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Lagrange's equations

  1. Jan 16, 2016 #1
    Lagrange's equation of the first kind gives us ∂L/∂q-(d/dt)(∂L/∂q.)=Q and the Euler-Lagrange equations give us ∂L/∂q-(d/dt)(∂L/∂q.)=0 (I know the equations are not perfectly written but you get the point). How do you know which one to use?
     
  2. jcsd
  3. Jan 16, 2016 #2
    The second one only account for conservative forces. When you have forces that ain't conservative the right side is the sum of these forces.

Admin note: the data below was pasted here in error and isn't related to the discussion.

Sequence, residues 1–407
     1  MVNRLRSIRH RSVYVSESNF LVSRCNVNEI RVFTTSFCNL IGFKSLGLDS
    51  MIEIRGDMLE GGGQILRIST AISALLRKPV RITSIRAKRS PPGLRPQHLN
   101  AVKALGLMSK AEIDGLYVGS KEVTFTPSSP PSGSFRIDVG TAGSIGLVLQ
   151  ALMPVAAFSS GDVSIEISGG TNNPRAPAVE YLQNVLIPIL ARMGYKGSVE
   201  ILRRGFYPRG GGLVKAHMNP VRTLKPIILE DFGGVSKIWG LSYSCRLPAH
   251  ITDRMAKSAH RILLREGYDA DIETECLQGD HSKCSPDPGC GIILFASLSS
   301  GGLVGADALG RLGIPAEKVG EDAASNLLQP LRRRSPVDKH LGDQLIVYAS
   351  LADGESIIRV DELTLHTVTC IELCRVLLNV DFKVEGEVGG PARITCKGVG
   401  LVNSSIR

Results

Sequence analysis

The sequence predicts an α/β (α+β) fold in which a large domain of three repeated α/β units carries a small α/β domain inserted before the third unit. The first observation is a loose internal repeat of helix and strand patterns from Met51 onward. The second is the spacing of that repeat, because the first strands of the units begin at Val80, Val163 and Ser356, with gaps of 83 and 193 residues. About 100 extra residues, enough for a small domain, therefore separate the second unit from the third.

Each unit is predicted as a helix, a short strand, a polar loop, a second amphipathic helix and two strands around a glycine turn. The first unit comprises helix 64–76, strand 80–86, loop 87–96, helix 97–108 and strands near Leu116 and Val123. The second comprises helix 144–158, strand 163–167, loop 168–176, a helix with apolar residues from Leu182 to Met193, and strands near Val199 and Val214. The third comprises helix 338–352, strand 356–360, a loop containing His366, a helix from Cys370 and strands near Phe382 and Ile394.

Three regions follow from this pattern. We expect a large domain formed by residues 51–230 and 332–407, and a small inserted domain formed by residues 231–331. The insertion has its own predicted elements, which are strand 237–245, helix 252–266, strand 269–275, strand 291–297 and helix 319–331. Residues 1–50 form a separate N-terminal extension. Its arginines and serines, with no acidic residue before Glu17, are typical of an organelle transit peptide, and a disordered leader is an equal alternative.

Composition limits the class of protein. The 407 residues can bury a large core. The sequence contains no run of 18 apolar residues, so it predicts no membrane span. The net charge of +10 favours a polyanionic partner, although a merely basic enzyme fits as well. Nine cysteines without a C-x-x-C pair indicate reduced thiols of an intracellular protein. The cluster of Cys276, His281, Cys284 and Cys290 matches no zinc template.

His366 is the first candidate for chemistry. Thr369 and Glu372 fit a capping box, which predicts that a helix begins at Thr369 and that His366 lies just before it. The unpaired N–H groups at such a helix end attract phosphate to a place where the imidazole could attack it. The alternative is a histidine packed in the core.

(Assuming I understood your notation correctly, been a long time since I did this)

    Edit: maybe someone else can give their input, after checking it again I suspect I may have give you a (way) too simplistic answer.
     
    Last edited: Jan 16, 2016
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